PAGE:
With President Donald Trump still facing criticism over separating migrant families who illegally crossed the border, other families met with the president Friday to share their stories of “permanent separation” from children killed by illegal immigrants—and to complain of being ignored by the news media.
Among those family members were Laura Wilkerson, who recalled the 2010 slaying of her son Josh.
“He was brutally tortured, strangled over and over. He was set on fire after death. His last hours were brutal,” Wilkerson said, standing on a stage at the Eisenhower Executive Office Building with Trump, administration officials, and family members of 13 other victims of crimes by illegal immigrants.
They were among the “angel families” advocating strong enforcement of immigration laws.
Wilkerson contrasted their situation with those of illegal immigrant parents who can communicate with the children they’ve been separated from on Skype.
“As with everyone standing up here, none of our kids had a minute to say goodbye. We weren’t lucky enough to be separated for five days or 10 days,” she said. “We were separated permanently. If we want to be close to our kids, we have to go to the cemetery. We can’t speak with them. We can’t Skype with them.
“You guys know the permanent separation. It’s the media that won’t share it with other people. It’s permanent. We can never have him again on this earth. Thankfully, I’ll see him again in heaven,” she said.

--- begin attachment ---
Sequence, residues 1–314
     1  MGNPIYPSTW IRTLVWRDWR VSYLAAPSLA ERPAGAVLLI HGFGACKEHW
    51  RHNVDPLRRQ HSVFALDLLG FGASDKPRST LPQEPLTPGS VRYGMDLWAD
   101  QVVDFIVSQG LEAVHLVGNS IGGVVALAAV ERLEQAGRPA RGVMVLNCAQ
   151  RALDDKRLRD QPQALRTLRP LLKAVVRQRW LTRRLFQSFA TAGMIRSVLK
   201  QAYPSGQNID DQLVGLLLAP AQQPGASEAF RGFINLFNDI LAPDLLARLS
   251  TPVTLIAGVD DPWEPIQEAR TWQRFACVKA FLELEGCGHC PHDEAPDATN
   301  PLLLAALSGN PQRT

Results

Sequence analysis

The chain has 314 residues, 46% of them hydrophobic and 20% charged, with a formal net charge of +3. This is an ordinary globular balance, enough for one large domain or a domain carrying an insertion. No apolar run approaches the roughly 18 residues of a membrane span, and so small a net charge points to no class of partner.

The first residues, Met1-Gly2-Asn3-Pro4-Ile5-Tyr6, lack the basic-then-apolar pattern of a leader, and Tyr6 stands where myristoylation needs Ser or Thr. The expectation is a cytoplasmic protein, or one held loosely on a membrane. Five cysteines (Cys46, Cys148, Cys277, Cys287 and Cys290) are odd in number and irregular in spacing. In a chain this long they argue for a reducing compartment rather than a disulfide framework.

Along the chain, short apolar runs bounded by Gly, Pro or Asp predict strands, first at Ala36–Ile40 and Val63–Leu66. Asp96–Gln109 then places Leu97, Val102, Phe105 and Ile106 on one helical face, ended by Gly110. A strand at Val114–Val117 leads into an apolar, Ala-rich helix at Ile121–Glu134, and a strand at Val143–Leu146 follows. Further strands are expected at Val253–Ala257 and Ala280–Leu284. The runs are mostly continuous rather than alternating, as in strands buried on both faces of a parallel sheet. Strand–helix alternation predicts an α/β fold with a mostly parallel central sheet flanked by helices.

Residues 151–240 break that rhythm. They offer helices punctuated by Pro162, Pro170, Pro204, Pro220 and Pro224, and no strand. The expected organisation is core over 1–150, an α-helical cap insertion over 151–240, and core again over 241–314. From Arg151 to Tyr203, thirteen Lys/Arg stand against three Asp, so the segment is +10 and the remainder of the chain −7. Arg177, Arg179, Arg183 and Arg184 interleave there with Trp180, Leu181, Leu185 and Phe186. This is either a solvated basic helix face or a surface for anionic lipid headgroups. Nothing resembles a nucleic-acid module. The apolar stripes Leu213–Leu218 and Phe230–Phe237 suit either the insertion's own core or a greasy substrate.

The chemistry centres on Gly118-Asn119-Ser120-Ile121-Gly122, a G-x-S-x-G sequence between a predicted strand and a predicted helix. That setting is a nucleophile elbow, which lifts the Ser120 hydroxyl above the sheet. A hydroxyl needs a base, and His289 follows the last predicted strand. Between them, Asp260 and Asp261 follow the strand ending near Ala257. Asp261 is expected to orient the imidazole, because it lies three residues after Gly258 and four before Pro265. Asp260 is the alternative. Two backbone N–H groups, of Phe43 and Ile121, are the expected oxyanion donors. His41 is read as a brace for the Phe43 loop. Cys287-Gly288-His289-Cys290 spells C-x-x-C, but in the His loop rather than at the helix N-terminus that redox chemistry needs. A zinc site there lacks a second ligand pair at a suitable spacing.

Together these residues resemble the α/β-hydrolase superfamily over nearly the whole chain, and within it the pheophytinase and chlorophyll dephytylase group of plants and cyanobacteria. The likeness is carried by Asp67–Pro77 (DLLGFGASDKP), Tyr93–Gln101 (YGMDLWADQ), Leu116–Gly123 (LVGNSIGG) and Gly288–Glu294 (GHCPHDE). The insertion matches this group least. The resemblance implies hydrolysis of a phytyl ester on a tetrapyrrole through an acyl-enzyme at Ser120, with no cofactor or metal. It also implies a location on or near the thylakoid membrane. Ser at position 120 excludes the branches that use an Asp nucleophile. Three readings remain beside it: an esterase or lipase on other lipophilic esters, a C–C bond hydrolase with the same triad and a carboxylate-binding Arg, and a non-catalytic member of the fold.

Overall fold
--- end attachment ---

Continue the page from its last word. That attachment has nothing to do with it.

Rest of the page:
Trump signed an executive order on Wednesday to halt the separating of migrant parents and children caught illegally crossing the southern border.
“We’ll not rest until our border is secure, our citizens are safe, and we end this immigration crisis, once and for all,” Trump told the families. “Your loved ones have not died in vain.”
Other officials at the event included Vice President Mike Pence and Thomas Homan, who is retiring at the end of the month as acting director of Immigration and Customs Enforcement.
“These are the American citizens permanently separated from their loved ones,” Trump said. “The word you have to think about is ‘permanently.’”
Steve Ronnebeck, whose 21-year-old son, Grant, was fatally shot over a pack of cigarettes, criticized the news media for ignoring thousands of Americans killed by illegal immigrants since 9/11 amid the virtually nonstop news coverage regarding the separating of illegal immigrant families.
“You don’t hear these stories. Some of our media won’t talk to you about it,” Ronnebeck said. “I wish some of our media had the same integrity as our president, our vice president, Director Homan, all of you in law enforcement.”
Mary Ann Mendoza’s son—Mesa, Arizona, Police Sgt. Brandon Mendoza—was killed in 2014 in a vehicle accident with an illegal alien who was allegedly driving with a blood-alcohol level at three times the legal limit.
“As you know, they could fill this stage up every day for the next five months of victims of illegal alien crime, and it would just keep going,” Mendoza said. “Unfortunately, we are members of a club of our children or loved ones who have been killed by illegal aliens.
“But there are hundreds of thousands who are affected by illegal alien crime, rape, assault, identity theft. These are things that go unreported, unchecked,” she said.